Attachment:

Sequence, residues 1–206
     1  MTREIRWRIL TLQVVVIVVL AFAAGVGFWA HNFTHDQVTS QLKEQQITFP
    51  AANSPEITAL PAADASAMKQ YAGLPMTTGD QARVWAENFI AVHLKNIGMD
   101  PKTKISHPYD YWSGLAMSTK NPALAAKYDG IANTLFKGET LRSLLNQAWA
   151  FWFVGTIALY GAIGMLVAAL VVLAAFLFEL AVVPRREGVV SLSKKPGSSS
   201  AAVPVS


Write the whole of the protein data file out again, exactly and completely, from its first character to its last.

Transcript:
Sequence, residues 1–206
     1  MTREIRWRIL TLQVVVIVVL AFAAGVGFWA HNFTHDQVTS QLKEQQITFP
    51  AANSPEITAL PAADASAMKQ YAGLPMTTGD QARVWAENFI AVHLKNIGMD
   101  PKTKISHPYD YWSGLAMSTK NPALAAKYDG IANTLFKGET LRSLLNQAWA
   151  FWFVGTIALY GAIGMLVAAL VVLAAFLFEL AVVPRREGVV SLSKKPGSSS
   201  AAVPVS